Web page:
To overcome the shortcomings of Bitcoin, to provide fast and easy transactions at low cost
Pros & Cons
- Features such as InstantSend and DarkSend
- Comes with wallets compatible with mobile devices
- Driven by ASIC
- Not fully anonymous
- GPU mining causes loss
- Digital cash that can be spent anywhere
- Private and instant payments in-store or online
- Safe open-source software platform
- Payments are confirmed in less than one second
- Evan Duffield
- Holders of Dash coins
- GitHub Last Updated
- Jan 11, 2018, 3:01 PM GMT +5:30
Overview of Dash
Dash is one of the anonymous cryptocurrencies developed to overcome some major flaws in the Bitcoin Network. Dash, a word that comes from “Digital Cash,” is among the most lucrative altcoins in the world of cryptocurrencies at present. Dash is not to be confused with development platforms such as Stratis and Ethereum. Instead, it is peer-to-peer digital cash that is not only decentralized, but also intends to become as liquid as fiat currencies such as USD, EUR, GBP, and others.
At the foundation of Dash lies the original Bitcoin code, but a slew of new features have been added to it. Some of these features are fast transactions, low transaction fees, rewards for developers, and privacy. Dash is an open-source software platform that comes with its own wallet, community, and blockchain, and its development community is dedicated, enthusiastic, and willing to answer questions.
Creation of Dash and Early History
Dash was launched as XCoin (XCO) on Jan 18, 2014. A few days later, it was rechristened Darkcoin, and a few months later, Darkcoin was once again rebranded as Dash.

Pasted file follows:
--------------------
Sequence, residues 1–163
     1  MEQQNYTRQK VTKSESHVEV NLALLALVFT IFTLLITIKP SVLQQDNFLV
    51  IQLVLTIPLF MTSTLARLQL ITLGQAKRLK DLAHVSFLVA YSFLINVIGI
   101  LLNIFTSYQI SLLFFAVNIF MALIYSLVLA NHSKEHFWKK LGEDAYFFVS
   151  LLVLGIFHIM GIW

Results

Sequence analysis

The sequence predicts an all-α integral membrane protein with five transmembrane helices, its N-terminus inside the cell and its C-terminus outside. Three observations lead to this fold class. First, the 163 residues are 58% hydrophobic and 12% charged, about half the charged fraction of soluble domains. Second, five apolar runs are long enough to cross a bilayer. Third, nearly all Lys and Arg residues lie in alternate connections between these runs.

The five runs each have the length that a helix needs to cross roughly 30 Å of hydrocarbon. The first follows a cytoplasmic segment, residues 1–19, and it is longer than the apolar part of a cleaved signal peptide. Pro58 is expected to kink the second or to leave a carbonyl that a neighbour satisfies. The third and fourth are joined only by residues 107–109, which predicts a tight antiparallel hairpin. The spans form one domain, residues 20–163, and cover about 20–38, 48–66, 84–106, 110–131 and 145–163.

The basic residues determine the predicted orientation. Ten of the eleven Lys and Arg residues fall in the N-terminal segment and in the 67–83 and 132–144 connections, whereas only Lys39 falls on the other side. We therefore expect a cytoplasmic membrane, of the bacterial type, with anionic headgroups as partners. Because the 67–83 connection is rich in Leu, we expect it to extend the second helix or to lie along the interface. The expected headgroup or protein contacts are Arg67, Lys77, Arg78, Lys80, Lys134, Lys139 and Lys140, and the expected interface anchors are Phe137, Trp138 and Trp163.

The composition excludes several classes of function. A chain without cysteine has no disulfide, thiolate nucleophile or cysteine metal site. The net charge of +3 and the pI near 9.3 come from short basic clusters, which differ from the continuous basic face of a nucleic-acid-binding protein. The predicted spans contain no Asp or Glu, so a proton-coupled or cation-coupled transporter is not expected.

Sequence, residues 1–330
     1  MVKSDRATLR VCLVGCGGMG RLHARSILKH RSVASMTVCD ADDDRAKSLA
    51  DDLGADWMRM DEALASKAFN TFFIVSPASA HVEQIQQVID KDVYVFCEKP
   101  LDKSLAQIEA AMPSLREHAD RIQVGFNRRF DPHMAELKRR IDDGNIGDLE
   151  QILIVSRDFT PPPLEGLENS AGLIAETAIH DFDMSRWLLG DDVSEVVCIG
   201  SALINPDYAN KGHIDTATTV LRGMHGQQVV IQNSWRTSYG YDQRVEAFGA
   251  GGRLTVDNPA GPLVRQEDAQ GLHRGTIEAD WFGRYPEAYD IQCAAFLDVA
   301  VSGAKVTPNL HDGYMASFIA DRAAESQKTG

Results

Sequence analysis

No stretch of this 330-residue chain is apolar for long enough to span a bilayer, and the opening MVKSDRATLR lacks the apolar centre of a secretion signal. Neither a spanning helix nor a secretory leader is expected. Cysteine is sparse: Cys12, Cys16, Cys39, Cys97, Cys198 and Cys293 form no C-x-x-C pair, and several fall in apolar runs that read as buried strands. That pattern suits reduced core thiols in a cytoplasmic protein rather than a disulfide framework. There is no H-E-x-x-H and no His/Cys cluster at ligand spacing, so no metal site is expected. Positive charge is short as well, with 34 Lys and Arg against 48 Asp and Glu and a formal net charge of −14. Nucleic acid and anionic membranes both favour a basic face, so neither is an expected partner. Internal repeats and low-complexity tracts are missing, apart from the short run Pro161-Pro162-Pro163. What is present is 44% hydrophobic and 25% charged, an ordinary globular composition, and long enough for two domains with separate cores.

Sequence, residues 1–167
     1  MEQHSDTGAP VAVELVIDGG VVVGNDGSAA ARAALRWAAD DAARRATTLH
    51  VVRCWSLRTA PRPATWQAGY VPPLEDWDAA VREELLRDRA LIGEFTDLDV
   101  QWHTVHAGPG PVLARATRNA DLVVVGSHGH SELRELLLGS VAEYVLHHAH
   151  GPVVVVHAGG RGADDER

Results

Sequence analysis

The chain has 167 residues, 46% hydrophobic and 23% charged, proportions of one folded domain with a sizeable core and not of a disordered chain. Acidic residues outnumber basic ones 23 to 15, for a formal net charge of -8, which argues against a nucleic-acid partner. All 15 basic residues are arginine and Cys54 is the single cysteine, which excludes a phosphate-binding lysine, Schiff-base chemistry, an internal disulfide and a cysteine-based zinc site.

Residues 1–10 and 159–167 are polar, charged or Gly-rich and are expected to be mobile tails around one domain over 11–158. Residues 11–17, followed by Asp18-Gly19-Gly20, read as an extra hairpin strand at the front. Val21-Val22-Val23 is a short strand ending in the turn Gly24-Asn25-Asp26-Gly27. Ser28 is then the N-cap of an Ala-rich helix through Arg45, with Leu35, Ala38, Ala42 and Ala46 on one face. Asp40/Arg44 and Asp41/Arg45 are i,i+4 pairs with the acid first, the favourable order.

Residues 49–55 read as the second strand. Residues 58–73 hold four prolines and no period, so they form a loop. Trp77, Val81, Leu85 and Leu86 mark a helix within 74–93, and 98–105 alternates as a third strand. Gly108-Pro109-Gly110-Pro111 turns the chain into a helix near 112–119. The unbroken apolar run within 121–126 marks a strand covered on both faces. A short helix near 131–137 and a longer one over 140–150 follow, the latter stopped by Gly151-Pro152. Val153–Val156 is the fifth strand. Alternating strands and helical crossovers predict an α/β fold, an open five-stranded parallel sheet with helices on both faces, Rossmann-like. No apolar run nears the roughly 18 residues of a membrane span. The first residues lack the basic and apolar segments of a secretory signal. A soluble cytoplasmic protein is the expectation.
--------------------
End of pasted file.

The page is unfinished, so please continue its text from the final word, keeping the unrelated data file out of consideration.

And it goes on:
As many as 1.9 million Dash coins were created during the first two days of the launch. This accounts for nearly 10% of the total number of Dash coins that will ever be created. Evan Duffield, Dash’s lead developer and founder, said that this happened because of a bug created during the Litecoin fork that led to the formation of Dash. Although he suggested re-launching the coin after the bug was fixed and later airdropping the coins to ensure a broader distribution, the Dash community refused to accept the proposal. Most of the mined coins were distributed at exchanges for very low rates.
Today, the Dash team has 30 developers working full time, 20 developers working part time, and a large number of volunteers who receive no payment. Since all the employees receive salaries drawn from the budget system of dash, they are not dependent on sponsorships or donations that may lead to a conflict of interest.
Reasons to Use Dash
Dash is a cryptocurrency, but it still stands in a class of its own because of its focus on efficiency and user friendliness. Here are a few reasons to use Dash:
Privacy: PrivateSend is a coin-mixing service that is built within the software of the Dash network. This service breaks transactional data into small pieces and scatters them all over the network, making it impossible for anybody to view the transaction details. This is Dash’s way of protecting user privacy.
Low Fees: Dash charges transaction fees, but these fees are very low and affordable.
Fast: The confirmation time on the Dash network is shorter than that of other cryptocurrency. The network has a feature called InstantSend, which enables transactions that can be confirmed in an instant.
Dash Developers Are Rewarded: Dash sets aside 10% of all the new Dash coins mined for purposes of development. This enables the cryptocurrency to hire paid marketers, social media professionals, and developers to work for its development and increase adoption.
How Dash Works
Dash has a unique structure that operates on the masternode network, which has two tiers. Dash developers call it an “incentivized full-node operation.” While the first tier of the network comprises nodes, the second tier comprises masternodes.